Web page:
Choosing the right structure for your business is a difficult task and can be contingent on several tax, legal, and commercial considerations, which can affect the success of the business for its lifespan. For this reason, it’s worthwhile weighing up the pros and cons, mainly to avoid paying excessive tax, but also to uncomplicated any future succession or sale of your business.
Be patient and choose wisely when planning how you would like the business to look and operate, it’s a worthy investment. There are several business structures that may or may not work for you: sole trader, company, partnership and trust.
In spite of the assumption that incorporating attracts various tax benefits and weightier fiscal security to directors, sometimes this doesn’t happen. Actually, it can be more beneficial to run a partnership for certain business models.
The individual firm should look to their goals for growth, and their outreach and resources in deciding the most suitable path. While selecting the most appropriate business structure is an important stage in implementing your business plan, there are some essential features distinguishing limited companies and partnerships that ought to be explored and explained first.
First, a limited company is a legal entity, the operations of which are the responsibility of its directors, and ownership divided amongst its shareholders. Importantly, these can be the same people. Every company is required to report their accounts annually, while smaller businesses need only summarize a short version of their finances.
Partnerships, however, differ insofar as the partners themselves bare the responsibility of each other partner. For this reason, it is very common to have a Partnership Agreement or Partnership Deed of Dissolution in place to regulate the responsibilities of the partners to a firm. In contrast, partnerships aren’t required to publish or audit their books, despite their size, but the current trend is moving to a more transparent state of affairs.
Some businesses will create a limited liability company that runs parallel to the partnership. This approach can be flexible as it enables a business to protect itself. It can also be a convenient way of guaranteeing the perpetual succession of the business, because partners leaving the firm can lead to a company dissolution, whereas a company will continue even following the departure of directors.
Limited partnerships come with the pros of limited liability while remaining a partnership. It comes as no surprise that many businesses are now looking at this option.
Since its members are only liable in a limited sense, in order to protect those dealing with an LLP, businesses operating under this structure must keep all accounting records, and must deliver audited accounts every year to ASIC.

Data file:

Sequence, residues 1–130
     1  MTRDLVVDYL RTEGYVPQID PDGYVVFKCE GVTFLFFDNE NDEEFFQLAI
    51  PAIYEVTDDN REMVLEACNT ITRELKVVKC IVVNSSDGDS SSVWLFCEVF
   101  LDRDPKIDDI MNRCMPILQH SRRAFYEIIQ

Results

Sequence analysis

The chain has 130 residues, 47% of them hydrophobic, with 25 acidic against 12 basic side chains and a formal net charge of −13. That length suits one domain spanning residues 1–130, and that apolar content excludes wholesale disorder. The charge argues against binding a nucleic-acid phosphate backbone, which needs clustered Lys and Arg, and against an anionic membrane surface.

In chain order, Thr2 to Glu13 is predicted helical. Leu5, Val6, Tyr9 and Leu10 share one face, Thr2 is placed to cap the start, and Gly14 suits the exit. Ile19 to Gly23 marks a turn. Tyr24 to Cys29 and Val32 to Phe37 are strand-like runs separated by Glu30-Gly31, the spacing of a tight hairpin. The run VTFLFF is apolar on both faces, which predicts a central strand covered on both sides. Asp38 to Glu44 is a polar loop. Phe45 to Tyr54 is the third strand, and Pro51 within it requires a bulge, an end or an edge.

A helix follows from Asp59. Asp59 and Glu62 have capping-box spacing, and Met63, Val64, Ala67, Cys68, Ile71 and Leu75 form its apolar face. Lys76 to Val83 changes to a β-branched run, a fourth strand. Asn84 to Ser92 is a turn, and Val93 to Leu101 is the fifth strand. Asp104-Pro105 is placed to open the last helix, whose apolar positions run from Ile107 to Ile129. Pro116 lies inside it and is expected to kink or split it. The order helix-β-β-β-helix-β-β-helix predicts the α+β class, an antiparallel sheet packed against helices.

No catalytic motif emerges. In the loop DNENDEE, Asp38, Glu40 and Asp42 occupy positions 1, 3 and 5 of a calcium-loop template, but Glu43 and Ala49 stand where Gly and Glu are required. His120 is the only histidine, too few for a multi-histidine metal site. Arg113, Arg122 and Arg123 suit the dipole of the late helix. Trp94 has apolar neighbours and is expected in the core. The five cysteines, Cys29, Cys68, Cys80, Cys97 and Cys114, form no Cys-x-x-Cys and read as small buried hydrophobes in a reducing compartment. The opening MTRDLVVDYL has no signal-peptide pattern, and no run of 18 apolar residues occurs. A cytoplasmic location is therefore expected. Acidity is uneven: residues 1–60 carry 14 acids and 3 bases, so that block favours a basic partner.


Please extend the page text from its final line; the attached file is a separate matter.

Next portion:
The exceptions and limitations that apply to companies, such as the handing over of summarised accounts and the exemption from being audited also pertain to LLPs.
Is limited liability better?
The type of work that your business conducts often determines the necessity of having limited liability. Normally, if your company is transnational or represents large clientele, from a commercial perspective, incorporation may be desirable.
A limited structure, however, won’t completely shield the owners from resposnsibility. For example, guarantees may be personally required from proprietors seeking funding or renewed loans. In any case, you should consult a business lawyer for advice on the type of insurance you will need.
What do you want out of the business?
In general, if your goal is to leave after a short period, or put more of your own money into the business, being incorporated can be advantageous with respect to leftover profits, since the tax for corporations (30%) is lower than the income tax that partners would have to pay (up to 44.9%).
Similarly, if directors pay themselves a lesser amount and place more money back into the business, a limited liability structure is financially advantageous. Basically, different profit margins will impact on the financial stability of the company, which means all decisions about the company structure should not be made hastily and should be made with a view to current and future goals of the company.
Companies also benefit from a well-organized rewards package, mostly because the roles played by shareholders and directors can overlap in businesses managed by their owner(s). This means profits can be disbursed into bonuses, pensions, salary, dividends and various other means to encourage a more tax efficient package.
Who should be the owner?
Share ownership by owners of a company is seen as a flexible approach. If a shareholder chooses, he or she may transfer part of their ownership to a spouse or child, who may then be paid very well in dividends. Owners can also ‘incentivise’ their senior staff by handing out promotions – a good way of motivating the staff while maintaining ownership.
In summary, there are opportunities to save on tax for both companies and partnerships. Ultimately, choosing the ideal path for your own business will depend on how profitable your business is already, and what your longer-term goals are for growth and investment.
Call LegalVision today on 1300 544 755 for a free fixed-fee quote! One of our business solicitors will happily answer all of your difficult questions and provide you with the best advice on which business structure works for you.